Mark Udall calls Armenian genocide what it was -- "genocide"
In politics, a single word can get in the way -- especially when that word is "genocide."
During his presidential campaign, candidate Barack Obama left little doubt where he stood when it came to the events of April 24, 1915, when Turks exterminated somewhere north of one million Armenians. In 2008, he said, "The Armenian genocide is not an allegation... but rather a widely documented fact." But as president, Obama has avoided using this term for fear it would sabotage a border deal between Turkey and Armenia -- one that appears to be collapsing anyhow.
Senator Mark Udall isn't playing that game. In a statement about the anniversary, he makes frequent use of the g-word while emphasizing that this crime against humanity should never be forgotten. Here's what he had to say.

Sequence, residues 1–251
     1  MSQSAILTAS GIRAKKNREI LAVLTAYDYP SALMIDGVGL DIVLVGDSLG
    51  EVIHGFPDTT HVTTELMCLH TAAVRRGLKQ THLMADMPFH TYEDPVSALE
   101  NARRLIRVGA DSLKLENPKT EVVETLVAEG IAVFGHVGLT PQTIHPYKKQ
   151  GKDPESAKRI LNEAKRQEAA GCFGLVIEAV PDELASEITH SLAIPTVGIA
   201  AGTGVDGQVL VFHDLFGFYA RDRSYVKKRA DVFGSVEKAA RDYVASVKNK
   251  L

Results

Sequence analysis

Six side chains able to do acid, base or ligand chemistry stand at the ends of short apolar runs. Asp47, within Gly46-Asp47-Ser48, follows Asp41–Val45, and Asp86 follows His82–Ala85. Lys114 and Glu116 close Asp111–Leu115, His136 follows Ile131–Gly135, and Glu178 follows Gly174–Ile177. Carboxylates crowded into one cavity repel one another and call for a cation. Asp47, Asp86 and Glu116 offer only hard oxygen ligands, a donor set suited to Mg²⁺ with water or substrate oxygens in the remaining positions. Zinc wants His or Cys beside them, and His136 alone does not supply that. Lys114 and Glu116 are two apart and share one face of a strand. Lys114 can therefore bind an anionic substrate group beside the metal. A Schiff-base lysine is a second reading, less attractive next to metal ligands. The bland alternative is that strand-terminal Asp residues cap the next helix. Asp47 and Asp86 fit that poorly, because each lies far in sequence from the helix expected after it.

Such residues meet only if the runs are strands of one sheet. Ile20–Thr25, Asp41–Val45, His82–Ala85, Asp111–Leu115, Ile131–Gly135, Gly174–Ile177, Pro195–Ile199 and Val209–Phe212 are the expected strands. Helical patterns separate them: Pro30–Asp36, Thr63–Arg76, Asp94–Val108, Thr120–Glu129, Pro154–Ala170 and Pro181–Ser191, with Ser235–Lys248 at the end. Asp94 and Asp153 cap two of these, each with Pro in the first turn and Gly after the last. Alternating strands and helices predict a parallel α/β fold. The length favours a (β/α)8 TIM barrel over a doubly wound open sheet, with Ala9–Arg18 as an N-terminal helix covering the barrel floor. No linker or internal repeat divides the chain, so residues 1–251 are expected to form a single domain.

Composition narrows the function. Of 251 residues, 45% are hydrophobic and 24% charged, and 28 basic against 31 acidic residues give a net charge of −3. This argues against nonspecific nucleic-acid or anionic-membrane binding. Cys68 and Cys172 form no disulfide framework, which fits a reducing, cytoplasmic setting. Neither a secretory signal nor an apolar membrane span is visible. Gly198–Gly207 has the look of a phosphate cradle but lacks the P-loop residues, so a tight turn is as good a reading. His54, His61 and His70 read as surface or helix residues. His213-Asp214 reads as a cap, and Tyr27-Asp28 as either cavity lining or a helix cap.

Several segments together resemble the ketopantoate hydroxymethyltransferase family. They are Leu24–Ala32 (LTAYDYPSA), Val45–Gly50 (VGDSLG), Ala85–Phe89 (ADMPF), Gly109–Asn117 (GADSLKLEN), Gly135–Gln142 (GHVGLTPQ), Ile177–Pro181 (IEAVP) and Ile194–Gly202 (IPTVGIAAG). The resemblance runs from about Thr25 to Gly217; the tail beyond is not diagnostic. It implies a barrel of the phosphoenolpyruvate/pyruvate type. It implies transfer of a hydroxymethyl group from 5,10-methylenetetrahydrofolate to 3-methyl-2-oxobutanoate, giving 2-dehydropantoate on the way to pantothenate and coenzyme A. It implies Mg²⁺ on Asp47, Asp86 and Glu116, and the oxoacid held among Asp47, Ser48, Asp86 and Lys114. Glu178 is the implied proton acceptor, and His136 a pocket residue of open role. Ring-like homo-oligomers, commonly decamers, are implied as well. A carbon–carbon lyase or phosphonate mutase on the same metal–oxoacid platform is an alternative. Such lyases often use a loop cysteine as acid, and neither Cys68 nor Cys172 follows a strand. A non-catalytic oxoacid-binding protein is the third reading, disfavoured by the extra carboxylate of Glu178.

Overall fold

Udall: We Must Never Forget this Atrocity
Washington, D.C. -- Today, U.S. Senator Mark Udall released the following statement regarding the importance of commemorating the anniversary of the Armenian Genocide:
"Tomorrow marks the 95th anniversary of the campaign of genocide against the Armenian people. In just eight years, beginning in 1915, more than half of the Armenian population was murdered -- one and a half million men, women, and children -- and a half million more were forced into exile.
"Tomorrow, commemorations will be held in countries all over the world, with all of them sending out a common message: 'We shall never forget this atrocity.' It is because of the organized efforts of the Armenian community that every year so many people come together to remember those who suffered and to ensure that younger generations draw lessons from this enormous tragedy.
"After the events of 1915, we said 'never again.' We haven't kept faith with those words in the years since -- but we must keep faith with them now. I thank all of those around the world, who continue to keep alive the memory of the atrocities of 95 years ago and who remind us all that by working together, we can make a difference in the world today."